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Can we guess who is calling us on the phone before picking up, and does local sidereal time (LST) affect how often we guess right? Reviews of anomalous cognition studies have shown that effect sizes are highest around 13.30 LST (Spottiswoode, 1997). A post-hoc analysis of telephone telepathy data of Sheldrake (2003) also showed a peak at that time. LST (peak or non-peak) was an independent variable in our prospective telephone telepathy study. Six women who indicated they often experienced telephone telepathy were selected to participate. Each participant chose four close friends or relatives to act as callers. All completed a total of 36 trials; six sessions of six trials each, three sessions at peak time (between 8.00 and 9.00 local time) and three at non-peak time (between 17.30 and 18.30 local time). One of the experimenters was at the participant's home during the sessions. The experimenter made sure no irregular communication was going on and logged times of the calls and responses of the participant. At a different location another experimenter used a dice to select a caller about five minutes before the scheduled trial. Then he or she contacted the caller who was asked to call the participant in five minutes and to concentrate his or her thoughts on the participant for the last two minutes before the call was made. When the phone rang at the participant's home, the participant guessed who she thought was calling before picking up. Analyses show a significant over-all scoring rate of 29.4% (p = .05). Almost all of this effect originates from the sessions at peak time with a scoring rate of 34.6%. Exploratory analyses show that a stronger emotional bond between particpant and caller is associated with a higher hitrate. It is concluded that results provide tentative support for the hypothesis that Local Sidereal Time is related to a phenomenon like telephone telepathy. In addition, the results are in support of the existence of telephone telepathy. Other explanations of the anomalous effect cannot be ruled out, such as precognition, retro psychokinesis by the experimenter or the participant so the dice throw would coincide with the particular caller the participant would guess, or clairvoyance of the dice throws. Future studies should aim at teasing apart the supposed effects of LST and local time on 'telephone telepathy.'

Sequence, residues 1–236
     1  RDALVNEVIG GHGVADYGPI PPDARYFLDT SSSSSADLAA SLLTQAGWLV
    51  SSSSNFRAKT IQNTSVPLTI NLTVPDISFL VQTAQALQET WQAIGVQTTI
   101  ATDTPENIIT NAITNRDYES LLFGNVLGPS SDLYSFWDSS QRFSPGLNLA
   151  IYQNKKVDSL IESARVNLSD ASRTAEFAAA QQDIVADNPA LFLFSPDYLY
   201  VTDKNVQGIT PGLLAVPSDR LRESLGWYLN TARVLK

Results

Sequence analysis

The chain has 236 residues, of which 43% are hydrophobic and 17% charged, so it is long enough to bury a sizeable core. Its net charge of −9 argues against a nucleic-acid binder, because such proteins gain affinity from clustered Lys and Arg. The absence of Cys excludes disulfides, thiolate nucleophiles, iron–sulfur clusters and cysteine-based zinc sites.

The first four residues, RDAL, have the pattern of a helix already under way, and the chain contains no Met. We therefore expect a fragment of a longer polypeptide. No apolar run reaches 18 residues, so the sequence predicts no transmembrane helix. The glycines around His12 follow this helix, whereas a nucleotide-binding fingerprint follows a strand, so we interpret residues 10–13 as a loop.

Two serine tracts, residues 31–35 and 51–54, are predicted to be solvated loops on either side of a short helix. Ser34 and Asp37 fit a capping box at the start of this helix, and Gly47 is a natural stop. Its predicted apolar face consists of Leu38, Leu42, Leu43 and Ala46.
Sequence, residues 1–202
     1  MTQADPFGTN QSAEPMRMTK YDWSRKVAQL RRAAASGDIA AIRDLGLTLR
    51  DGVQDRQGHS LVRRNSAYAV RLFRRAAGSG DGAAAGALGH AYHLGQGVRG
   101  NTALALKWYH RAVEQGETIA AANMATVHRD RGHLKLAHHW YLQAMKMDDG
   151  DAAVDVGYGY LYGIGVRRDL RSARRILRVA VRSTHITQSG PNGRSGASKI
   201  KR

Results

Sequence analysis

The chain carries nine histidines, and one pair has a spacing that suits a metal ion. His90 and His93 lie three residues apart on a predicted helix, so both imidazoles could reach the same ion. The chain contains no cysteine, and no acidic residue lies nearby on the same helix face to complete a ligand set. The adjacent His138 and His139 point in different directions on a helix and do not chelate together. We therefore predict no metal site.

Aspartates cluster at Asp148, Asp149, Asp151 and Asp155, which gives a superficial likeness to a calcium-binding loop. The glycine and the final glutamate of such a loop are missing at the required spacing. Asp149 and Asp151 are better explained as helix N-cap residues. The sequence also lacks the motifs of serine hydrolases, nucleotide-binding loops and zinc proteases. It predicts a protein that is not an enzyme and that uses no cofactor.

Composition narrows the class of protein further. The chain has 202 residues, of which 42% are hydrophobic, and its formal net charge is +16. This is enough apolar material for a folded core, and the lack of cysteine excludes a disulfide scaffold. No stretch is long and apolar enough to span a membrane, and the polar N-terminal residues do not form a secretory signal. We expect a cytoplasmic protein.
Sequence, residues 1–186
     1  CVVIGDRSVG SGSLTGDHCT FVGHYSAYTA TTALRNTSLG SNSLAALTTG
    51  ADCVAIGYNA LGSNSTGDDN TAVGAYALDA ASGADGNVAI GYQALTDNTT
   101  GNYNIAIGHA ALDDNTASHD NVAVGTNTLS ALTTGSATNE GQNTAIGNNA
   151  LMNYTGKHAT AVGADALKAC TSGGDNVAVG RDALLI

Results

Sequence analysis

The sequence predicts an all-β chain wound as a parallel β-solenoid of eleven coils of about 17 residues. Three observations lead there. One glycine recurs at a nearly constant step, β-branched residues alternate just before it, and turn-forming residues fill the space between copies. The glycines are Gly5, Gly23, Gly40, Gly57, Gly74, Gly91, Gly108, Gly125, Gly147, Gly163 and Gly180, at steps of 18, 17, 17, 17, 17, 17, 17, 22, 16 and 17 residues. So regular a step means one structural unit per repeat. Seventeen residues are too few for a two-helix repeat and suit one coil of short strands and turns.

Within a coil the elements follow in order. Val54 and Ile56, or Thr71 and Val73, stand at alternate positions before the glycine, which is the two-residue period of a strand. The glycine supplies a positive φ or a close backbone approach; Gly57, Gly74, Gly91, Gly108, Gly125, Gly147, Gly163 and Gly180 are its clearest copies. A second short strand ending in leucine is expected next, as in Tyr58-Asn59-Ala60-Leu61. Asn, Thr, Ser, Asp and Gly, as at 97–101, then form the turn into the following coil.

Applied Soft Computing, Volume 8, Issue 3, June 2008, Pages 1164-1177
by Germano Resconia and Masoud Nikraveshb
Catholic University, Brescia, Italy
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In this paper, we introduce a new type of computation called "morphic computing". Morphic computing is based on field theory and more specifically morphic fields. Morphic fields were first introduced by Rupert Sheldrake [R. Sheldrake, A New Science of Life: The Hypothesis of Morphic Resonance (second edition, 1985), Park Street Press; Reprint edition (March 1, 1995), 1981] from his hypothesis of formative causation that made use of the older notion of morphogenetic fields. Rupert Sheldrake [R. Sheldrake, A New Science of Life: The Hypothesis of Morphic Resonance (second edition, 1985), Park Street Press; Reprint edition (March 1, 1995), 1981] developed his famous theory, morphic resonance, on the basis of the work by French philosopher Henri Bergson. Morphic fields and its subset morphogenetic fields have been at the center of controversy for many years in mainstream science and the hypothesis is not accepted by some scientists who consider it a pseudoscience. We claim that morphic computing is a natural extension of holographic computation, quantum computation, soft computing, and DNA computing. All natural computations bonded by the turing machine can be formalised and extended by our new type of computation model--morphic computing. In this paper, we introduce the basis for this new computing paradigm and its extensions such as quantum logic and entanglement in morphic computing, morphic systems and morphic system of systems (M-SOS). Its applications to the field of computation by words as an example of the morphic computing, morphogenetic fields in neural network and morphic computing, morphic fields - concepts and web search, and agents and fuzzy in morphic computing will also be discussed.
A growing list of articles published mostly in the 21st century, plus other resources, compiled by Dean Radin